Tuesday, 27 December 2011

Daring Bakers' December 2011 - Sourdough


I seem to be able to bake everything well but bread. Even when Gav and I used the bread-maker, my loaves always turned out dense and almost cake like whereas his turned well. Eventually I gave up and let him take on the role of the bread-maker.

Our Daring Bakers Host for December 2011 was Jessica of My Recipe Project and she showed us how fun it is to create Sour Dough bread in our own kitchens! She provided us with Sour Dough recipes from Bread Matters by Andrew Whitley as well as delicious recipes to use our Sour Dough bread in from Tonia George’s Things on Toast and Canteen’s Great British Food!


Reading up on the sourdough making process got me thinking that it couldn’t be that hard and perhaps my lack of success in the bread making department will finally be overcome. I decided to use an Organic Rye Flour that I found in the local supermarket.


My first attempt proved to be unsuccessful, which yielded a dense loaf with a ‘gummy’ centre with no proper crust. The loaf was left to bake for almost two hours and refused to dry out. A quick SOS sent out to the forum helped me understand the possible reasons for the gumminess. I may have left the final dough to rise too long. So the next day I tried again.


The second loaf proved to be more of a success, the centre was baked thorough and the loaf had a proper crust.

I think I have a long way to go before I perfect bread-making, and so for Christmas (and my birthday) I have asked for book on bread making.

May 2012 be the year when I finally get the perfect loaf!


Sourdough Starter

Ingredients & Method

Day 1;
3 tbsp plus 1 teaspoon whole rye flour
¼ cup water

In a plastic container, mix the flour and water into a paste. Cover and leave the container somewhere warm. The dough should be sloppy and runny, which will bubble and ferment as it grows.

Day 2;
3 tbsp plus 1 teaspoon whole rye flour
¼ cup water

Stir the ingredients into the container. The dough start to emit a yeasty smell.

Day 3;
3 tbsp plus 1 teaspoon whole rye flour
¼ cup water

Stir the ingredients into the container. The yeast smell became stronger, almost sour. Bubbles started to form.

Day 4;
3 tbsp plus 1 teaspoon whole rye flour
¼ cup water

Stir the ingredients into the container. The dough became watery and a thin liquid layer formed on top.




Production Sourdough;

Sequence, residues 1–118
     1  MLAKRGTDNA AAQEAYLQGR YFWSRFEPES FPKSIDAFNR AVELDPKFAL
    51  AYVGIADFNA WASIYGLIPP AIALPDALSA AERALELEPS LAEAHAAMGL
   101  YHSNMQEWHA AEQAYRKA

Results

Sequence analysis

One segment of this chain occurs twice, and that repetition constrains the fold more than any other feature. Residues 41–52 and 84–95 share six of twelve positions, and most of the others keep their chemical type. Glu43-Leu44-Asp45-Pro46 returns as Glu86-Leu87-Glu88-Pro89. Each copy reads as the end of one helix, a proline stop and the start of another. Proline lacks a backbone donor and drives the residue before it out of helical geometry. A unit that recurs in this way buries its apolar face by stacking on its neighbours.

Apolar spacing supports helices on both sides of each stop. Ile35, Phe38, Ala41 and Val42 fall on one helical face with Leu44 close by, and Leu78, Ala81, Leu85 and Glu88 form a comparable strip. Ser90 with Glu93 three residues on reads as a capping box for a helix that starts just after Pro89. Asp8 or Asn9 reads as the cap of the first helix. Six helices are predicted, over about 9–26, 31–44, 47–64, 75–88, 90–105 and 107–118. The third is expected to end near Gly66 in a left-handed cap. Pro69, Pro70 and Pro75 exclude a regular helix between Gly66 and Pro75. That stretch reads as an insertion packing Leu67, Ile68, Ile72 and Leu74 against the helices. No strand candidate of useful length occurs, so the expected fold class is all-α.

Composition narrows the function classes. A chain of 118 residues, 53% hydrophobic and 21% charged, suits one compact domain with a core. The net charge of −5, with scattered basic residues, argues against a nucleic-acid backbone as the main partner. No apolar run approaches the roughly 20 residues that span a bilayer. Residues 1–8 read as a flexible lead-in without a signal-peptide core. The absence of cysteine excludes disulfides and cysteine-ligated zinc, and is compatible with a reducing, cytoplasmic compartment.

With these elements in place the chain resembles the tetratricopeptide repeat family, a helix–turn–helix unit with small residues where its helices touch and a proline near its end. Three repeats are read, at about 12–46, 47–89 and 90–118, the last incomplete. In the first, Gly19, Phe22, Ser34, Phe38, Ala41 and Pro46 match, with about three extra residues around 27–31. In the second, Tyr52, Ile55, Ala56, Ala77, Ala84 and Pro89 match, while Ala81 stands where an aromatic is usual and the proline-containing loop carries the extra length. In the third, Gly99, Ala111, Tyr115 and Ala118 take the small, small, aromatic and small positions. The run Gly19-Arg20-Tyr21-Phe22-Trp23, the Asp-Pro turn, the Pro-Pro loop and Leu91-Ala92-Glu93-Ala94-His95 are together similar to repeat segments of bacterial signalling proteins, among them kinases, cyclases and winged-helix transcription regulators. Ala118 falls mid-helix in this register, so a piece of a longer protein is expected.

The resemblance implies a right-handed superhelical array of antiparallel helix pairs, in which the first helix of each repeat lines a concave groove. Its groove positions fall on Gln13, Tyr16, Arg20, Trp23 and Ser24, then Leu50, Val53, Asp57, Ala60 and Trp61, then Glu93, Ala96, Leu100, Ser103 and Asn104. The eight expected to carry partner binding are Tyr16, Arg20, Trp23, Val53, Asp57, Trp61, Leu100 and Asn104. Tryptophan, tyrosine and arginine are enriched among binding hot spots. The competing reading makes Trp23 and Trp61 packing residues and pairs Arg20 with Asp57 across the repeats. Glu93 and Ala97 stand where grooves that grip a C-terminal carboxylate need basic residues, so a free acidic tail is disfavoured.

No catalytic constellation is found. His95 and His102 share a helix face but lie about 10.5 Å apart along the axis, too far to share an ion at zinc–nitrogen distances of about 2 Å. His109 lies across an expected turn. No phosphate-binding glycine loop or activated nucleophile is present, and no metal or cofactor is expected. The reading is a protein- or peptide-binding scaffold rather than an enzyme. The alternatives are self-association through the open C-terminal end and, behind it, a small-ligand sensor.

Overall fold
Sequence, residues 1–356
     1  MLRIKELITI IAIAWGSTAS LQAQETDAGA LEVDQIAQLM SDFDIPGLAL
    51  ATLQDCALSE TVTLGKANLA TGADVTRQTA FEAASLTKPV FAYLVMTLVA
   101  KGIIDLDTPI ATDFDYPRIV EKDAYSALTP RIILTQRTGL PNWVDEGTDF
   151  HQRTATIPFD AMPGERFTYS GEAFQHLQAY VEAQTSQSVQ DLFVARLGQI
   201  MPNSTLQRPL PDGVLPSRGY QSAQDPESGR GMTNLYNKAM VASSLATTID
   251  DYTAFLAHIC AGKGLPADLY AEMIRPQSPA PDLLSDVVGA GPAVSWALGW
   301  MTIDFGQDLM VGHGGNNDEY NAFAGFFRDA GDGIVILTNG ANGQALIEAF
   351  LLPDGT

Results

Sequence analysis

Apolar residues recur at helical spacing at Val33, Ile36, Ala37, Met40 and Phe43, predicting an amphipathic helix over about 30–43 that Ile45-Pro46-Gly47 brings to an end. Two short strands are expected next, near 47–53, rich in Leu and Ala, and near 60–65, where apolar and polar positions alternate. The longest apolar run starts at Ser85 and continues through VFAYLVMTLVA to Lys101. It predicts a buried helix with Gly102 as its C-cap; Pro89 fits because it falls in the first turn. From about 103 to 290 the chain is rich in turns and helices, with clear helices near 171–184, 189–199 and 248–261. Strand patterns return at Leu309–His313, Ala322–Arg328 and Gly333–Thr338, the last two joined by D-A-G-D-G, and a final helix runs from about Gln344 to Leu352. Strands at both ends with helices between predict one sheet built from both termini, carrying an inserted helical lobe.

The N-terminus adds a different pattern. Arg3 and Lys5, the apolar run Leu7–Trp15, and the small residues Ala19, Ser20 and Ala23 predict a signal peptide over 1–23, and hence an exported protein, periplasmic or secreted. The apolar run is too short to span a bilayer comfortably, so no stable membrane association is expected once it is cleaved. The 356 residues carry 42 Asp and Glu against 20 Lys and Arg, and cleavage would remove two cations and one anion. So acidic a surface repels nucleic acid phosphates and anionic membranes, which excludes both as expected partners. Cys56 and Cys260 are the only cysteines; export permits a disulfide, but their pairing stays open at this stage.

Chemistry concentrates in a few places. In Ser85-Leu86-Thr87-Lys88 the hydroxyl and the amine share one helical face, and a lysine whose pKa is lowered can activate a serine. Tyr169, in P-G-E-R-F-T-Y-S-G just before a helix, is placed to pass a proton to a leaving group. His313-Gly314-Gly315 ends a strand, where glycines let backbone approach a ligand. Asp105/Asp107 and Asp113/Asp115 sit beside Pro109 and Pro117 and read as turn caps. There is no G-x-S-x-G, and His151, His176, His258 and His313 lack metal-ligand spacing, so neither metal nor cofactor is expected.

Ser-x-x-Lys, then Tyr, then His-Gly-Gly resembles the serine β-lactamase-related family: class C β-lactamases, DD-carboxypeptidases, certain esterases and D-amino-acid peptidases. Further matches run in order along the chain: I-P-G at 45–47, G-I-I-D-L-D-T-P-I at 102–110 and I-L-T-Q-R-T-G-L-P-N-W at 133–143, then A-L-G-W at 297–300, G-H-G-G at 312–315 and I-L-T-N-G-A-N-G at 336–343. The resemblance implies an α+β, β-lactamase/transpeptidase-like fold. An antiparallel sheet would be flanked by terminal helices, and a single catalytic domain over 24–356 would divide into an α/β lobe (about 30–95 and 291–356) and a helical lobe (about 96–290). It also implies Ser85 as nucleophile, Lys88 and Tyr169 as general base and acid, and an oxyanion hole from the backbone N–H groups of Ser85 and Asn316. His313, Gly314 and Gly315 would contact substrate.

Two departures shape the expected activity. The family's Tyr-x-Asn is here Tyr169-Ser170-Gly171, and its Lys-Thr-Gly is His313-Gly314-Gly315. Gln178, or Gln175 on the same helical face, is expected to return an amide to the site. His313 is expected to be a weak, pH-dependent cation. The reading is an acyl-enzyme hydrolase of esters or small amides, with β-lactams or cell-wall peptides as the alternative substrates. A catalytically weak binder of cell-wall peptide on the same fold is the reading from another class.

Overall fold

¼ cup less 2 tsp rye starter
1 cup plus 2 tsp rye flour
1¼ cups water

Mix everything into a sloppy dough. Cover and set aside for 12-24 hours, until bubbling.


Final Dough;
2 cups production sourdough
2 1/3 rye flour
0.5 tsp table salt
¾ cup plus 2 tsp water

  1. Mix all ingredients together to form a soft dough. With wet hands, scoop the dough out and place it in a well-greased loaf tin. When greasing use hard fats such as butter.
  2. Put the tin in a large plastic bag, blow it up to form a dome and tie tightly, ensuring the dome remains. This is essential so that the dough can proof.
  3. The dough will be ready for baking anytime from 2-8 hours, depending on the temperature. For my first loaf, I left it to proof for 9 hours which proved to be far too long. The second loaf was only proofed for 5 hours. The dough will be ready to be baked when it doubles in size.
  4. Pre-heat the oven to a very high temperature of 240C. Bake for 50-60 minutes. After 15 minutes, reduce the heat to 200C and continue baking for the remaining time.
  5. Leave the bread to cool for a DAY before slicing.


The photo above shows the production sourdough from my initial attempt and my second attempt. There is a huge difference in the appearance namely the lack of bubbles in the first one.

Sunday, 25 December 2011

To all my readers, I hope you have a very Merry Christmas and a Happy New Year.

May your holidays be filled with joy, love, family and lots of delicious food.

Lots of love, Nish xxx

Friday, 16 December 2011

Vietnamese Spring Rolls


If you’re looking for a recipe that doesn’t take much effort but is guaranteed to impress then you’re in the right place.

Vietnamese spring rolls are always a must order in Vietnamese restaurants. Its fresh, colourful and a perfect substitute for a salad. Combine this with the spicy, tangy dipping sauce and you’ve got a starter that will leave everyone wanting more!

Putting together the spring rolls doesn’t take a lot of effort. Plus it is extremely versatile; rice paper, lettuce, carrots, prawns, shredded meat, cucumber, peanuts, vermicelli, basil, coriander, and mint. The possibilities are endless.